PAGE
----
State-licensed marijuana retail stores are just opening their doors in Washington and state regulators are still deciding what customers will find inside. Last month the Washington State Liquor Control Board told processors they will allow sweets, but not if they’re presented in a way that’s deemed "especially appealing to children."
Seattle’s medical and research community is mourning the death of dozens of HIV researchers killed in the Malaysia Air crash Thursday. The group was en route to Australia for the International Aids Conference.
Some Microsoft employees probably regret not taking that other job offer. Seattle’s city attorney regrets bringing his pot to work. Should a Seattle theater company regret not casting any Asian American actors for its current show? And you'll regret it if you take I-90 westbound into Seattle next week.
What else do you regret? And how would you tell your younger self to avoid regrets?
Ross Reynolds talks with two advocates concerning Seattle Proposition 1, which would create a Seattle Park District. Don Harper is with the group Our Parks Forever, which opposes the passage of Prop 1, and Ken Bounds is with Seattle Parks For All, which advocates for it.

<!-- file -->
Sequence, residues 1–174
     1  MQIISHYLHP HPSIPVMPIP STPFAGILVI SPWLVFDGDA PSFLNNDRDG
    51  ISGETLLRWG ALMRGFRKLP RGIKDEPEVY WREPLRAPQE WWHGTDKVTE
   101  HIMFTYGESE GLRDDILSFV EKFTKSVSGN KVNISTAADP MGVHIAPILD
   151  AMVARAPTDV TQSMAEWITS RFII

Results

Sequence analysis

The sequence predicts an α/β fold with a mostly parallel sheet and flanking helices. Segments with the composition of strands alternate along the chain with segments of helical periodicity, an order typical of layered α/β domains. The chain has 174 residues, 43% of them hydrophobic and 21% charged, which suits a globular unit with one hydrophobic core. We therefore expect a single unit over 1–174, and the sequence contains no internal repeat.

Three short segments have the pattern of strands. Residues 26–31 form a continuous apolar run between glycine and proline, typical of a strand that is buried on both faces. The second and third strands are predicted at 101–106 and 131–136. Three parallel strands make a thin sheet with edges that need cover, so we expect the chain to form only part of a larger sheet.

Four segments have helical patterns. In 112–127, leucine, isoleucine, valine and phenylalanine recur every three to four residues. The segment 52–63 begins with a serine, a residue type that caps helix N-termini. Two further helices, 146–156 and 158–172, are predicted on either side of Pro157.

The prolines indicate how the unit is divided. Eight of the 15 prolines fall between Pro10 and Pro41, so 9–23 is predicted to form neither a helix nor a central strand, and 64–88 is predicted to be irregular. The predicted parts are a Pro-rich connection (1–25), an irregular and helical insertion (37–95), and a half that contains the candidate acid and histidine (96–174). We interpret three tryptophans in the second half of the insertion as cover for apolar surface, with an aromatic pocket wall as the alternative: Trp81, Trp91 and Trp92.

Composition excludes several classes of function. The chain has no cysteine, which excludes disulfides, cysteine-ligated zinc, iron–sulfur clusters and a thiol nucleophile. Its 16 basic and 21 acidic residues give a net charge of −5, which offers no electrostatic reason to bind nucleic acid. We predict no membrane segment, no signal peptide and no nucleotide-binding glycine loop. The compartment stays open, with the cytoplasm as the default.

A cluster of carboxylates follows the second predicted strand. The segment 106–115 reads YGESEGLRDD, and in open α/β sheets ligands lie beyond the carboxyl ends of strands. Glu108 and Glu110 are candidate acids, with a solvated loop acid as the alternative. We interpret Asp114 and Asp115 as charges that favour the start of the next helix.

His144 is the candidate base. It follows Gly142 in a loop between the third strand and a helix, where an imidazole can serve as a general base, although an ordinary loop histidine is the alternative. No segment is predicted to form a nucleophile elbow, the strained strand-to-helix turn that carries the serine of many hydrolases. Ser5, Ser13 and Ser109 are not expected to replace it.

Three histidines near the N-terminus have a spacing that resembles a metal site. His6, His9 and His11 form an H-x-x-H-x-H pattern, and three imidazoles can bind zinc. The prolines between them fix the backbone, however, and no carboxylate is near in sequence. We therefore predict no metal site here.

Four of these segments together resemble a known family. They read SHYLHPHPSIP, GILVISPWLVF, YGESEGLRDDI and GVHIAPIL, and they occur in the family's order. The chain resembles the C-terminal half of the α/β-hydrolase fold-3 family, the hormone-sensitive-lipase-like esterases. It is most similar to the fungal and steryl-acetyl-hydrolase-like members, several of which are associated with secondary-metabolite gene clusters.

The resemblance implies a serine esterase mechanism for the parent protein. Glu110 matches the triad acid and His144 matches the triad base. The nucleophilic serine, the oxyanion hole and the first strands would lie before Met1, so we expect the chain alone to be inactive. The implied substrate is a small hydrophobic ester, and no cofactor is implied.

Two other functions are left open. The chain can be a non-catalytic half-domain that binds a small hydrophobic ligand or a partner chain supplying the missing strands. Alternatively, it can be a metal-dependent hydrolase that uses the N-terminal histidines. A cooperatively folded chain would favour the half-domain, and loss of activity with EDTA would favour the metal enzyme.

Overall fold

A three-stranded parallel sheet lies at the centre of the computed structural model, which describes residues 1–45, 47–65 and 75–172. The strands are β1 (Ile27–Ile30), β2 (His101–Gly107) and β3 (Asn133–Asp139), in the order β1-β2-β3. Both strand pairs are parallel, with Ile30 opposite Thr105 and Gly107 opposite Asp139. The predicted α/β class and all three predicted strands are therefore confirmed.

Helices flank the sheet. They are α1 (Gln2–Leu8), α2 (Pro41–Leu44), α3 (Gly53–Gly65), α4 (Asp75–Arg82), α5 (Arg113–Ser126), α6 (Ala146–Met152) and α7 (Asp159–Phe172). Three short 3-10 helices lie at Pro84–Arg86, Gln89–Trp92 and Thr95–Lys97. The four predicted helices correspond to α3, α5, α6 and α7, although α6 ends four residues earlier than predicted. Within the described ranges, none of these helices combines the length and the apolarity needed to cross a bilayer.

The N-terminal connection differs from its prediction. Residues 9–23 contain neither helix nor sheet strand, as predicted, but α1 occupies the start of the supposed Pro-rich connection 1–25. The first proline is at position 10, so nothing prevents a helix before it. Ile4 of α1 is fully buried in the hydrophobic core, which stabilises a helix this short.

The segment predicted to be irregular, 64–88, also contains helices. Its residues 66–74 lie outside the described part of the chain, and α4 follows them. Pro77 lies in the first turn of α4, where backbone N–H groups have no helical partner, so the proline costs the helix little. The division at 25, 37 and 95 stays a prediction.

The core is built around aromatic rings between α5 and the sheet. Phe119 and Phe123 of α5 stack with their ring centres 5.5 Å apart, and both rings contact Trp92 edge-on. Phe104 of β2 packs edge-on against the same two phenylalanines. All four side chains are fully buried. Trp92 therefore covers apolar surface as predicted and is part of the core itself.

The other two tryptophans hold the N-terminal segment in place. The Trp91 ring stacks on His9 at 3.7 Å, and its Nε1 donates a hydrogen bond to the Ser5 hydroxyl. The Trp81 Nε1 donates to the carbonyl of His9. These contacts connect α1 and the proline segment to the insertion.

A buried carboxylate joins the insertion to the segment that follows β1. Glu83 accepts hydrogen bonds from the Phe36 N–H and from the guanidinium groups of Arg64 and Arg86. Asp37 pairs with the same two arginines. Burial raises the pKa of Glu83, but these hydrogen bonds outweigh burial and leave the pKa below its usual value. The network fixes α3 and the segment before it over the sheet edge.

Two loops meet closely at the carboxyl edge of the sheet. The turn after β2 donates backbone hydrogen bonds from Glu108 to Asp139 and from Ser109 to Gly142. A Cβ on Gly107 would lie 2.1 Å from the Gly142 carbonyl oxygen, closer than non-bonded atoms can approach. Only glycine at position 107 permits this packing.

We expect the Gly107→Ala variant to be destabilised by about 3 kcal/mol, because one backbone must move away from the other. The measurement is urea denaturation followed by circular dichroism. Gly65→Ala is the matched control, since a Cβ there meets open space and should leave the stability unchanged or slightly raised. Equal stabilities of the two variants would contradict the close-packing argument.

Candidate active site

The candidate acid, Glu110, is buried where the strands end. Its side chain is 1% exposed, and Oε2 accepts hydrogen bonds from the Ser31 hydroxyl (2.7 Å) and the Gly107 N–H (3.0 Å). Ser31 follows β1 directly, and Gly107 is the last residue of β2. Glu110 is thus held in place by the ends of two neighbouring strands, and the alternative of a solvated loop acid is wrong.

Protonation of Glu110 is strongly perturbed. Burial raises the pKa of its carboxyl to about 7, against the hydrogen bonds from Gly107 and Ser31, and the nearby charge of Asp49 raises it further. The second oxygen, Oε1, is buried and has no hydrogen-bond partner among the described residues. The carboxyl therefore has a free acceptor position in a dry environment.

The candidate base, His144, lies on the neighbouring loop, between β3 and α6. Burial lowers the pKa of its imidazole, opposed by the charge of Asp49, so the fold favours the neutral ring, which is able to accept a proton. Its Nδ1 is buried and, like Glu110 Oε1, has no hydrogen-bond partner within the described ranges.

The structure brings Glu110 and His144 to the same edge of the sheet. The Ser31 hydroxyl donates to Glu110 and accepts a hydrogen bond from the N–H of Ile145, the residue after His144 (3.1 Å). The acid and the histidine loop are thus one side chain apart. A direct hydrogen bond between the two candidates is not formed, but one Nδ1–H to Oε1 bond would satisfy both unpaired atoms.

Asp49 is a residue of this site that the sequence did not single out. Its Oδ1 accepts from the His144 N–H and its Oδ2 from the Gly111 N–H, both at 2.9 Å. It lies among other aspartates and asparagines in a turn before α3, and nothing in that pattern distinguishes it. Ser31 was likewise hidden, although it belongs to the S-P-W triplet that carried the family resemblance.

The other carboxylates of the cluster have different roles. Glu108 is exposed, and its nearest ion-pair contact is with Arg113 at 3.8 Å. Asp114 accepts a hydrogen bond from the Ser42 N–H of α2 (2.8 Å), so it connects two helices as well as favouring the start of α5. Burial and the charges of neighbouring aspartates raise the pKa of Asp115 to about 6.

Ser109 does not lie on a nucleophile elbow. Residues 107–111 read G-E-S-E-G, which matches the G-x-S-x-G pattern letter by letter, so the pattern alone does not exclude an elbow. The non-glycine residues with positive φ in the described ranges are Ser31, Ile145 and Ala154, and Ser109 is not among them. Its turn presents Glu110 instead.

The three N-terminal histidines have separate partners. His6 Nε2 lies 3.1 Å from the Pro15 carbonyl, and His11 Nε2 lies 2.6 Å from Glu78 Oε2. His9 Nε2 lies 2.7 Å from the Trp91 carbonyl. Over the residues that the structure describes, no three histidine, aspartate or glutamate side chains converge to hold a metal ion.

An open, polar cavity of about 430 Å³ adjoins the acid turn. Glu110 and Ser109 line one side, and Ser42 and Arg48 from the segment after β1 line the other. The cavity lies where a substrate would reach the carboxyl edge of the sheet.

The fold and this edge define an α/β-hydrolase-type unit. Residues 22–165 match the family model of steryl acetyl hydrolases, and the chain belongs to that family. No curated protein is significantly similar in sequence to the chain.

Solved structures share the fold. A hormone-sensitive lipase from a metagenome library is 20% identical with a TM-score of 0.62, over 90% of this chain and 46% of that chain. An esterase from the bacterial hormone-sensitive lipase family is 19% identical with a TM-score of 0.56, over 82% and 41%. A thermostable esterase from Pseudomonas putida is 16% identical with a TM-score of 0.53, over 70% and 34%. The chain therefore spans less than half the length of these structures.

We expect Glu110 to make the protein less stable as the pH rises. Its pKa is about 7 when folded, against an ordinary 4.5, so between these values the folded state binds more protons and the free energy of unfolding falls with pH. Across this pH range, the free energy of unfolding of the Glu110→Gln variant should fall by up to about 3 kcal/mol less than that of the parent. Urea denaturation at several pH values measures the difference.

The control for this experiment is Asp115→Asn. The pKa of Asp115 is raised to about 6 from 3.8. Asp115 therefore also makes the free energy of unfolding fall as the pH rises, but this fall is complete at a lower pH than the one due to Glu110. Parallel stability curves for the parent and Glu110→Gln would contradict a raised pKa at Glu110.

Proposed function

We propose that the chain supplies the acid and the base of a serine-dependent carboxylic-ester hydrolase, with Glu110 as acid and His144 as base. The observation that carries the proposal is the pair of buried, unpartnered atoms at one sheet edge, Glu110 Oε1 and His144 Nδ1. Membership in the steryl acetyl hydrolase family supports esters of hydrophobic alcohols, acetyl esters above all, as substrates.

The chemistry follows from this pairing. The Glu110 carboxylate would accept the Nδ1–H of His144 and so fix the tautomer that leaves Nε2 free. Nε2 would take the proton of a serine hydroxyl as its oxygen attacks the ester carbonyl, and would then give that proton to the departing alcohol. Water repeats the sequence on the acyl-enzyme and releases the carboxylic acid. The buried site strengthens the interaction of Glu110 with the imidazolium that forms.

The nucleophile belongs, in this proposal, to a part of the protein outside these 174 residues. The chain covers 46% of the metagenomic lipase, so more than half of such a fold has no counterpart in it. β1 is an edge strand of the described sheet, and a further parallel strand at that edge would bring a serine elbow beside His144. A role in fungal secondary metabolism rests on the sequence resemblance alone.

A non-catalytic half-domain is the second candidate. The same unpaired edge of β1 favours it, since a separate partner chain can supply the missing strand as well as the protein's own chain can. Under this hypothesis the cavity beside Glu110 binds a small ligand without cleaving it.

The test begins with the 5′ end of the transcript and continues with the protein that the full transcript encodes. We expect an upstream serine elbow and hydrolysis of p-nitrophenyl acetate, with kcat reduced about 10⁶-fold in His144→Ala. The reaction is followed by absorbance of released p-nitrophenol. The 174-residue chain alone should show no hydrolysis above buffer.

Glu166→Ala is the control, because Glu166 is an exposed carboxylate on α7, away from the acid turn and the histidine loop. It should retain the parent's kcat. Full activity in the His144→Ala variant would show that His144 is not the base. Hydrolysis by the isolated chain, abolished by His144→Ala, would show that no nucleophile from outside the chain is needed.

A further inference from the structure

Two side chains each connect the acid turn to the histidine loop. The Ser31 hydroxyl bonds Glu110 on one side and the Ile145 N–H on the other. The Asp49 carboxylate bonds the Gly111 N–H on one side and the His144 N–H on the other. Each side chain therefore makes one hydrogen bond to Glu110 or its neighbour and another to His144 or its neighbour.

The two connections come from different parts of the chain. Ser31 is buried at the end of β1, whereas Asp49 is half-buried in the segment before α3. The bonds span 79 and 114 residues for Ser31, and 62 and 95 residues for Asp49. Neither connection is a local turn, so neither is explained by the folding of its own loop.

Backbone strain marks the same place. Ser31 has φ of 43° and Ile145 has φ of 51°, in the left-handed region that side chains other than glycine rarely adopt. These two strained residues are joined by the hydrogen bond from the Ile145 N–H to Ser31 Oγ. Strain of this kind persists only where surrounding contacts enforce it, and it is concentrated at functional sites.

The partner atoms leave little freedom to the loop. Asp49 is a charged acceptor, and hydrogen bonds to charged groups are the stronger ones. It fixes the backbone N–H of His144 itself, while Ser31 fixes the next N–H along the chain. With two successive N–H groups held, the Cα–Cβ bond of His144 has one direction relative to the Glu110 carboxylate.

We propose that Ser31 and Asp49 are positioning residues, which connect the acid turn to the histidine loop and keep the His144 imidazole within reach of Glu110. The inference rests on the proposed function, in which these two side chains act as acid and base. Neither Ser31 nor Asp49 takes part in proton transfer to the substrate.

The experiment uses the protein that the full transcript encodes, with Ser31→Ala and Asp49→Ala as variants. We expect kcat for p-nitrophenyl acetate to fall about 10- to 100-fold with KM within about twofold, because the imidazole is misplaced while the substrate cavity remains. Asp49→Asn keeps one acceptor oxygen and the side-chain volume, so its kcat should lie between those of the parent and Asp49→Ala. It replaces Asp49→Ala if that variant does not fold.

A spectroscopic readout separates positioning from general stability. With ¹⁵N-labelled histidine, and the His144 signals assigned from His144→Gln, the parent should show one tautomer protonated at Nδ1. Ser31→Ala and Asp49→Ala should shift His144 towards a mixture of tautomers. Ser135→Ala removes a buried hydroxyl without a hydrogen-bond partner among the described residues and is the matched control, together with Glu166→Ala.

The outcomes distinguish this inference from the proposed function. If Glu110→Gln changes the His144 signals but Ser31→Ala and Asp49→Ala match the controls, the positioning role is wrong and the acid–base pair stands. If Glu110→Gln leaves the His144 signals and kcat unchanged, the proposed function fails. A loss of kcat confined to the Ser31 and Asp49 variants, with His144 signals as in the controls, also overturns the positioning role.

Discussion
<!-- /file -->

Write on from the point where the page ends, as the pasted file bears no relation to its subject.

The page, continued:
Ross Reynolds talks with Kevin Osborne, vice president of client services at Waldron, a human resources consulting firm based in Seattle, about how downsizing companies may provide for laid off employees.
Human beings have been drawn to stories for thousands of years. They captivate us. We yearn for them — “tell the one about … ” — ad infinitum. Sometimes we get the story right. Sometimes not. Stories break. Stories change. And sometimes it helps to turn a story upside down.
Our guest is writer and historian Rebecca Solnit. Her books explore ecology, landscape, community, art and politics.
Mid-July in Seattle means Seafair events, the actual arrival of summer and – if you lived here in the 1950s and '60s – it meant the annual birthday celebration for the city’s most famous primate, Bobo the gorilla.
Earlier this month KUOW introduced you to Lynne Hogan, 48, one of hundreds of Washington adoptees seeking information about their birth parents. A new law that took effect July 1 gave adoptees access to their birth records through the Washington State Department of Health.